"I was talking to Claire today at work," she began. "Apparently, her and Bob are considering building a bomb shelter in their backyard what with all the mayhem that has been occurring lately."
"Is that a fact?" my dad replied with slight bemusement.
"Yeah, they’re really freaked out. Bob says that if there’s another bombing, he’s selling the house and moving out of the city altogether."
"Bob has always been one to overreact."
"Well these attacks…they seem to be occurring more frequently…in more heavily populated areas. I mean, what if they start bombing highways or…schools."
I stole a glance over at Jake relieved to see him building a garlic bread town in his lasagna, completely oblivious to what was being discussed.
"Carol," my dad began clearly exasperated. "More than likely these attacks are being carried out by copycats. The problem is with the media…they sensationalize this crap to the point where those psychopaths tune in to see it. They think they’ll get their names in the history books if they set out to best what has already been done. It’s their attempt to instill further panic. By building a bomb shelter or uprooting our lives we’d be doing nothing but fanning the flames they’ve created."
George hadn’t been himself lately. His unflappable demeanor had mysteriously changed recently overnight. We all noticed that he seemed slightly more anxious lately but couldn’t quite pinpoint the reason for it. Our best guess was that it was due to more stress put on him at work. He was extremely well-respected by his colleagues and peers. Some even speculated that he would be in the running for the chief of staff position when the current chief retired later next year. Whatever it was, George wasn’t talking about it and repeated inquiries from Carol were doing nothing to lighten his mood.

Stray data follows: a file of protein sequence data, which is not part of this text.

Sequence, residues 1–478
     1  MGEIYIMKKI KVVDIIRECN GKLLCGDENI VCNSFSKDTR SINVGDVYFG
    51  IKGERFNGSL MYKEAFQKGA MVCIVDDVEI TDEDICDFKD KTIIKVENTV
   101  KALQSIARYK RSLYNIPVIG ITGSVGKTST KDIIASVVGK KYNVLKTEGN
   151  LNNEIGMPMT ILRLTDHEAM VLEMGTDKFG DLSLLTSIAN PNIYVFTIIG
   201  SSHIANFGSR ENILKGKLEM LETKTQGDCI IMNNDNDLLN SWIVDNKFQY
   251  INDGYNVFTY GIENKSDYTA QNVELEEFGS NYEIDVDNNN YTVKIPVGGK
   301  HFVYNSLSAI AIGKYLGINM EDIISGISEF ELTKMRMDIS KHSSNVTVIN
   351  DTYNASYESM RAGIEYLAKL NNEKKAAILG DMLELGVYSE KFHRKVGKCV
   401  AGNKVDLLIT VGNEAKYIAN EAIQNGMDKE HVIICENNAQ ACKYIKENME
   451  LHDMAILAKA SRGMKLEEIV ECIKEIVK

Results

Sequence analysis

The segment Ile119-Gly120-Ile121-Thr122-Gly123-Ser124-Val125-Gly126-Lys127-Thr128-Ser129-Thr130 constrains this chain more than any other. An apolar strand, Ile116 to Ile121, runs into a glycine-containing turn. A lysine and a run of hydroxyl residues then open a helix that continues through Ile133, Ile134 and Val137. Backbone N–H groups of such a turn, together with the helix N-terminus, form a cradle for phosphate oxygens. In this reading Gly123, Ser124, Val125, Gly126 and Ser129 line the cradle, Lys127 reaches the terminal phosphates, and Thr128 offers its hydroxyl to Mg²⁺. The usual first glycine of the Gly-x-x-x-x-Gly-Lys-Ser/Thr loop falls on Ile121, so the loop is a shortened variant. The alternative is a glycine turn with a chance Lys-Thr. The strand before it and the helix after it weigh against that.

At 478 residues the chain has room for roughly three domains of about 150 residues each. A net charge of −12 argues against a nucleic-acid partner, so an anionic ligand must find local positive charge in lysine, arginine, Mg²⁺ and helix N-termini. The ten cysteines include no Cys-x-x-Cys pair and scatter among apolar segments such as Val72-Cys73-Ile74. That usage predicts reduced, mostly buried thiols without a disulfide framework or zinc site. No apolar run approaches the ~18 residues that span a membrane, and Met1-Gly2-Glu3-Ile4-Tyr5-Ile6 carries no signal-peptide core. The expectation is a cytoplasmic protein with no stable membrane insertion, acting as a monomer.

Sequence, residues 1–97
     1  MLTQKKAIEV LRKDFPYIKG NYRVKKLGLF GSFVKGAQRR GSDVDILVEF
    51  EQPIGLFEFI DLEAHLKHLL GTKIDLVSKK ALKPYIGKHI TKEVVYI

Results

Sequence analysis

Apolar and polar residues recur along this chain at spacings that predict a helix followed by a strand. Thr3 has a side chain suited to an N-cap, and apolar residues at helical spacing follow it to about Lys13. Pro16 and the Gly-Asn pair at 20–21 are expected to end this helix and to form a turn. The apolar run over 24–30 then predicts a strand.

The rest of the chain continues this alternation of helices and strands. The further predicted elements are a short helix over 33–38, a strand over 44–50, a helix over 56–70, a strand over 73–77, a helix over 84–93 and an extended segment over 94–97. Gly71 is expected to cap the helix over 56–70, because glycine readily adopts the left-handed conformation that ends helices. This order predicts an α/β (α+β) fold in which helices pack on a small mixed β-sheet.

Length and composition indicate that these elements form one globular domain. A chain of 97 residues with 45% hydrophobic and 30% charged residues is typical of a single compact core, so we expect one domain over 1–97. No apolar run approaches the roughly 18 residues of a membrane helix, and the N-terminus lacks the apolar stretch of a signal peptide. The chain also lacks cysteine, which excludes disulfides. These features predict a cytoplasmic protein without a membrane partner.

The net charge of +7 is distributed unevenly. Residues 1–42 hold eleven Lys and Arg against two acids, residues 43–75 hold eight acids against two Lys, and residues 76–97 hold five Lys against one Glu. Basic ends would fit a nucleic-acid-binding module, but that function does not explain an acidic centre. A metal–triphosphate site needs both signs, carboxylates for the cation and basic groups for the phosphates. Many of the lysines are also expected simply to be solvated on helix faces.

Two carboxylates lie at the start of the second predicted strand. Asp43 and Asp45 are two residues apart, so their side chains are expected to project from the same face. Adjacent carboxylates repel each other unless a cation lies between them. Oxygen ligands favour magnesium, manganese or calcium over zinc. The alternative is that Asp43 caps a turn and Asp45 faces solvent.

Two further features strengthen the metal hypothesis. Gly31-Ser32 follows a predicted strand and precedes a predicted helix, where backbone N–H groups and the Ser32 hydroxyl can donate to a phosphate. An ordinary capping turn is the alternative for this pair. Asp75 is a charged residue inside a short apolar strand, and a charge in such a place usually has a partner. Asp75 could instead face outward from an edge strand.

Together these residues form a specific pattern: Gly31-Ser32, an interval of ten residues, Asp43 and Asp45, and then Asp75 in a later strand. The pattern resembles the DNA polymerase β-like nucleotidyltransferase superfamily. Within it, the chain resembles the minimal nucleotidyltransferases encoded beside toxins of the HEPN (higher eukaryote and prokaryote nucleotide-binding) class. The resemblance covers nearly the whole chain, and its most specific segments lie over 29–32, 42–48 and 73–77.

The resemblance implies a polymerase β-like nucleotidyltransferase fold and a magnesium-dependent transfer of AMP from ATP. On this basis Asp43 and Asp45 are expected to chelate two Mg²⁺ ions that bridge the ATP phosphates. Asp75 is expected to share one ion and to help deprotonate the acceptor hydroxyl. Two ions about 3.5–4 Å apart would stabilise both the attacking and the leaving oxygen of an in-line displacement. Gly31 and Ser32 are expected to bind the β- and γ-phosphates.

"Well I suppose you’re right," Carol answered clearly deflated, "But still, these incidences are a little disconcerting."
My fork scraped the bottom of the plate creating a blood curdling shriek that brought me back down to reality. Something about my parents’ discussion surrounding the attacks hadn’t set well with me.
"Thanks for dinner mom," I said as I stood up.
"You’re welcome sweetie," she replied. "Oh, Celaine."
"We’re going to the mall tomorrow to pick up some last minute gifts. Do you want to come?"
"Darn skippy." I was happy to hear the conversation returning to an iota of normalcy. My father chuckled.
"She’s one strange child," my mom muttered.
"You got that right," Jake announced.
"Jake what the heck is that?" my father asked.
"I’m building a replica of Washington DC. See, here’s the White House, the Lincoln Memorial, the Washington Monument..."
"For Pete’s sake Jake, eat your dinner."
I could tell George wished he’d stayed at the hospital tonight instead of coming home.
"And you think I’m weird," I called out as I headed back upstairs.
"It’s not being weird, it’s channeling my creativity."
"I’ve heard that President Brooks thinks that the attacks are becoming more organized," Carol proclaimed returning to that disturbing topic. "He believes we may be dealing with a domestic terrorist organization bent on staging some sort of a coup. They’re talking about institutionalizing a nationwide curfew because of it."
I stopped dead in my tracks halfway up the stairs as I strained to listen.
"That will never happen," my dad countered. "It would be like spitting on the Constitution. The people simply wouldn’t allow it."